Sikhi Teachings & Traditions

*/ 1. Kām (concupiscence) Kām , as a disposition, is criticised by the Gurus in Sikhism but the word kām is used by them very often without delineating its meanings. However, generally speaking, the Gurus use kām in the sense of an unbalancing propensity. Guru Nānak says, “ And kām is the adviser... and subjects are blind and like the

*/ 2. Lobh (covetousness) In Gurśabadratnākar, Bhai Kahan Singh renders lobh as the “ desire to possess what belongs to others ,” though the propensity, as stated in the Ādi Granth, seems to stretch beyond these meanings. Guru Arjan Dev refers to it thus, “O lobh thou has swayed even the best of men by thy waves. And men’s minds

*/ 3. Haumain The doctrine of Haumain is basic to Sikh theology. The present state of man's consciousness, the Gurus say, is egoistic , i.e. it is governed by Haumain. The Gurus call such a person Manmukh . In this normal state of man, his self-will and animal propensities dominate. The ideal man, with the highest level of consciousness or

*/ 4. Krodh (wrath) Krodh ( wrath ) is another emotion recognised in Sikhism which serves as a spring of conation. Individuals and nations, under the sway of this emotion, may be led to their own destruction, as well as that of those towards whom it is directed. Guru Arjan Dev says, “O, krodh (wrath), O father of strife, you

*/ 3. Moh (attachment and delusion) Moh , as a propensity, is understood is two meanings, though both of them are inter-related: The term is used to convey the sense of delusion , loss of consciousness, bewilderment, perplexity, error and folly. It is an inability to view the values in right perspective. But it is also used in the sense

*/ 5. Ahaṅkāra (pride) Ahaṅkāra (pride), is another of the springs of action: If one takes into consideration all the references to it in the Sikh scripture and allied literature, it would be easily seen that Ahaṅkāra is considered to be a greater evil than the other propensities. But before we commence our examination of this propensity it may be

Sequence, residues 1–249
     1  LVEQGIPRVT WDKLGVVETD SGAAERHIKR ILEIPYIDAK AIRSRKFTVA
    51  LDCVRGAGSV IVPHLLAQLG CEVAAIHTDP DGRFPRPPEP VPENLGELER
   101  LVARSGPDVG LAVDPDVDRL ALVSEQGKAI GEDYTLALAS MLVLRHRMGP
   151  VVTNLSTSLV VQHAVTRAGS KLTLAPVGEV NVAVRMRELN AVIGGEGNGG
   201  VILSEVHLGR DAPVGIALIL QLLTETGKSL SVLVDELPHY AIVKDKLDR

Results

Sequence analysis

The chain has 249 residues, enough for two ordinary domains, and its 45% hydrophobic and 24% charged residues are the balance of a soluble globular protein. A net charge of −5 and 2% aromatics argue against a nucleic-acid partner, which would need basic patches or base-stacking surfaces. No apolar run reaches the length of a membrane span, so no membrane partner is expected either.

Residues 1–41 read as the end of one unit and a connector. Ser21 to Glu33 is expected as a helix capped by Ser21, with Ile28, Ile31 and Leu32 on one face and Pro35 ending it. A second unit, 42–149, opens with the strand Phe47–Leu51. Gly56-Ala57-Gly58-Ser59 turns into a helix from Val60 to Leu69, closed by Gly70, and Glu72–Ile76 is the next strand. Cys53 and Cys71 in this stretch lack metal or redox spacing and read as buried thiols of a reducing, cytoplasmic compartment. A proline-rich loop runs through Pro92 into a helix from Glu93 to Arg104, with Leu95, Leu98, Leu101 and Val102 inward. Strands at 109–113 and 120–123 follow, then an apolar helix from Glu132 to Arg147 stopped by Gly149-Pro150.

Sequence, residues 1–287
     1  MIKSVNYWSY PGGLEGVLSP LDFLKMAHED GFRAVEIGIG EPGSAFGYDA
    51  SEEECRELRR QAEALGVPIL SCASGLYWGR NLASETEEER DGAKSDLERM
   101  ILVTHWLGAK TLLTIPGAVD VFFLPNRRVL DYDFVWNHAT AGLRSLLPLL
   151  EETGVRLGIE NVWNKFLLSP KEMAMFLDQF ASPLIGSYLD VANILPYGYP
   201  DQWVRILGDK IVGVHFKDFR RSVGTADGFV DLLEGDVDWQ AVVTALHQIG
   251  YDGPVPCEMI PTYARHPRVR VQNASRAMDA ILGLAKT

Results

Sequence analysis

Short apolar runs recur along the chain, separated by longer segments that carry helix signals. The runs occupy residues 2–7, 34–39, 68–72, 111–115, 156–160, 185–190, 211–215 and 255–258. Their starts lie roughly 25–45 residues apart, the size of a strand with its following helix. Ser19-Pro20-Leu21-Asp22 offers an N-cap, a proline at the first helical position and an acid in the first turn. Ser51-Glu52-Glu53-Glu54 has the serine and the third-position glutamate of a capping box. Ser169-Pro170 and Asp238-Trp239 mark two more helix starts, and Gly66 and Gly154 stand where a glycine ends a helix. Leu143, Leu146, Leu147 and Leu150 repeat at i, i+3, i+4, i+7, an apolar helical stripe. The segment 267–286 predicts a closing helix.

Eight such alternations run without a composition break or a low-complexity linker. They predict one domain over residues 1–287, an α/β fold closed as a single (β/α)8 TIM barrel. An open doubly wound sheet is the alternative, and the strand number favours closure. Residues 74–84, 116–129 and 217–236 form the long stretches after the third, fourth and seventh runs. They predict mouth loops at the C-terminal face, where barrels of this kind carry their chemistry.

*/ 2. The World Sikhism proclaims the dynamic reality and authenticity of the world and life: " God created the world of life and planted Nām therein, making it the place of righteous activity ." “ God created the world and permeated it with His Light ." Since Nām has not only created the world but is also supporting, controlling

*/ 4. Deliverance from Ego The Gurus are not pessimistic about the world or this ego- centric condition of man: They emphasise that man is not only capable of transcending this ego-consciousness, but is destined to do so. Their entire message is meant to solve this problem. Theirs is a crusade to enable man to rise above his present level

*/ 5. Goal The next issue is as to what is the goal in Sikhism: In this field the Gurus have made a completely radical departure from the general religious tradition, more especially from the Indian tradition. Many misunderstandings about the ideology, growth and history of Sikhism, arise because of the fallacious assumption that goal in Sikhism is the same

*/ 6. Gurmukh or the Ideal Man The Gurus describe the qualities of the Gurmukh and the role he is expected to play in life. These draw a clear picture of the ideal life in Sikhism. The lives of the Gurus are another indication of that kind of life, the seeker and the Gurmukh are supposed to lead. In fact,